Kibaki, Moi spat must come to an end


While President Kibaki and his predecessor are exercising democracy in the current Constitution debate, personal attacks do not augur well for the country.

They are expected to exhibit decorum and statesmanship that the new generation should emulate.

Former President Daniel arap Moi has a right to take a position on the proposed Constitution but the aggressiveness he has exhibited in campaigning for its rejection has been characterized by rancour, propaganda, falsehoods and misinterpretations of clauses.

It\’s very rare for a retired President to openly pick a quarrel or throw words at a sitting president and vice versa, but the latest spat between former President Moi and his successor has taken many Kenyans by surprise.

It\’s imperative for the two leaders to remain pillars of social harmony and role models. Our Country is still fragile following the 2008 post-poll tragedy. The peace we currently enjoy is likely to be jeopardised when two cherished elders openly wash their dirty linen in public.

Coming from a province which was the hot bed of the post election violence and where majority of the people are against the proposed Constitution, Moi and Kibaki\’s disagreements do not help to cement the peace that the multi-ethnic Rift Valley province desperately craves for.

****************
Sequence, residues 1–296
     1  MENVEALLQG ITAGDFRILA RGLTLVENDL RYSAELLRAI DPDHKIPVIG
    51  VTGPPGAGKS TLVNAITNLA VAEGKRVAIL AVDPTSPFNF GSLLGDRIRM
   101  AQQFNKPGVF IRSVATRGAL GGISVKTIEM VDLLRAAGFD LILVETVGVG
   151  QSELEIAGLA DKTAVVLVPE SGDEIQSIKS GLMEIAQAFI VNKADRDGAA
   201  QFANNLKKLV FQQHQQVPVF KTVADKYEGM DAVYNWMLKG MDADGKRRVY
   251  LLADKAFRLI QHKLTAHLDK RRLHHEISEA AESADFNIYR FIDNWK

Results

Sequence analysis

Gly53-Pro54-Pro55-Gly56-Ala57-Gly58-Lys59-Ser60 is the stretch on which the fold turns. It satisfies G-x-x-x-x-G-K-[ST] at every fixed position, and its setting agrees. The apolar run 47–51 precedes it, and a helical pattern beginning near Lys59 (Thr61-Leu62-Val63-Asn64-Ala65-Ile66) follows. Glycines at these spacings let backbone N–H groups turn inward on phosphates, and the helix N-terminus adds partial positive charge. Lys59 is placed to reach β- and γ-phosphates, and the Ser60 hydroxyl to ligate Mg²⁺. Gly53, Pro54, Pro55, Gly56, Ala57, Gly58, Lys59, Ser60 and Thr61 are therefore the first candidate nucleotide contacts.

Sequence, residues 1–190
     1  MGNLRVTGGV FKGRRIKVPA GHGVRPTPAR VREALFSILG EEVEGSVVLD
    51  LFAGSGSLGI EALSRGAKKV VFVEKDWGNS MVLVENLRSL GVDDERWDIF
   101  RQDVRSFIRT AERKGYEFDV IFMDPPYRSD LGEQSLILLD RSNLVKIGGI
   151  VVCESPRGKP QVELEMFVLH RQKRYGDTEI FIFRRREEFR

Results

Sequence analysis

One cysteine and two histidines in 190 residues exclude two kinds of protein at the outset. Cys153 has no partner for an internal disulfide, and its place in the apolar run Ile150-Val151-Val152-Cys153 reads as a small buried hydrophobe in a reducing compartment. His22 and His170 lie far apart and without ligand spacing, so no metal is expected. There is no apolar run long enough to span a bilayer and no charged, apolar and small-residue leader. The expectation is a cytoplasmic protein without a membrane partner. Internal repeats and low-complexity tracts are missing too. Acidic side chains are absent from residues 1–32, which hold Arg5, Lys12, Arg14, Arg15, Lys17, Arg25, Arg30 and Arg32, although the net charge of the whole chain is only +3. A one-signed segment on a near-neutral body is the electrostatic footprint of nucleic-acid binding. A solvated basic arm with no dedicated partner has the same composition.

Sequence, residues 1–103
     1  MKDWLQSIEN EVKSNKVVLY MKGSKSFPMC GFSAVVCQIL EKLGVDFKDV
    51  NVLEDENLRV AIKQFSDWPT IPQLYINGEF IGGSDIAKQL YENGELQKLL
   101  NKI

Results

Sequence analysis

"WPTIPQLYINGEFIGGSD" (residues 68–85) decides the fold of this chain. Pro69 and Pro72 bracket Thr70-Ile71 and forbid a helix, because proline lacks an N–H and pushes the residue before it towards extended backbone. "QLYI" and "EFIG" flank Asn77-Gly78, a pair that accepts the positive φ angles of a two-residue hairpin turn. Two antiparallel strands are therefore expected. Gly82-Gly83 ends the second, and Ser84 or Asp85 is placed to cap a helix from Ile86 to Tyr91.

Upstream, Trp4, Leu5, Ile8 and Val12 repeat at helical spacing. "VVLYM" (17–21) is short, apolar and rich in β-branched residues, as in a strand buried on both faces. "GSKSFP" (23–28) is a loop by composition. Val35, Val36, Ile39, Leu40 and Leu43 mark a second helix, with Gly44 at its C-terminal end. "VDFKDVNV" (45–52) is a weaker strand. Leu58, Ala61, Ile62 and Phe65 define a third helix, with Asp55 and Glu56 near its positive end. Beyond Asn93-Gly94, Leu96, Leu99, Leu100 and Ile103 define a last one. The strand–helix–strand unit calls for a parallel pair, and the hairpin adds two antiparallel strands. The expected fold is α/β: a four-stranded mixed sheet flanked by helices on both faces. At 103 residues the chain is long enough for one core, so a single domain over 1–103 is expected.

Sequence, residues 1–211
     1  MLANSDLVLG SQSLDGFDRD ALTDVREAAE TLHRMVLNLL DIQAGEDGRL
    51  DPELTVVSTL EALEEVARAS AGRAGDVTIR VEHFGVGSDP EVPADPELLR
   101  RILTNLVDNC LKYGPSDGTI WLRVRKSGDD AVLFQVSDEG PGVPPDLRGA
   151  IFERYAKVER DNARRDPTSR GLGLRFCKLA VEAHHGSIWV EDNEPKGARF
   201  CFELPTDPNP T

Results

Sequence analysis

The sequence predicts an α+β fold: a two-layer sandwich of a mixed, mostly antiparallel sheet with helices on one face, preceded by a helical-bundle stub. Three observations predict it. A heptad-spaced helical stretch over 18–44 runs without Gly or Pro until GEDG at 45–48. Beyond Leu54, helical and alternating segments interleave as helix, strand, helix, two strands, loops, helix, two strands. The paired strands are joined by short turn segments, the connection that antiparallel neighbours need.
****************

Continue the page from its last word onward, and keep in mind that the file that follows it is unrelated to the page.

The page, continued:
This might spill over to catalyse a collision between members of the public in the Rift Valley who are for and against the proposed law.

In Western democracies, most presidents do not directly criticise their predecessors. When they do, it\’s so veiled and usually touches on their party policies, or campaigning for party candidates.

The best example is the recent passage of the healthcare legislation by the Obama administration in the USA which sparked heavy criticism from the Republican Party,  but not a single day did former President George W Bush come out to criticise his successor, President Obama.

On our Continent, we have never heard Benjamin Mkapa, Thabo Mbeki, or John Kufuor directly criticise their successors.  In fact, despite the acrimonious debate that culminated in Thabo Mbeki\’s exit from the ANC party leadership and South African presidency, the former president has kept his cool and given Jacob Zuma the chance to lead the rainbow nation.

The die is cast and Kenyans must look far ahead and choose between what is right and discard what is undesirable. I leave them to judge for themselves whom between the current President and his predecessor is standing for our national good or doom.

The beauty of our democracy should be exercised with caution so that we can build a united country for posterity.  Freedom can build or wreck a nation but when applied wisely to spread what is desirable, truthful and beneficial to the governed, it will go a long way to cement peace and tranquillity in any society.

(The writer lives in New Jersey USA)

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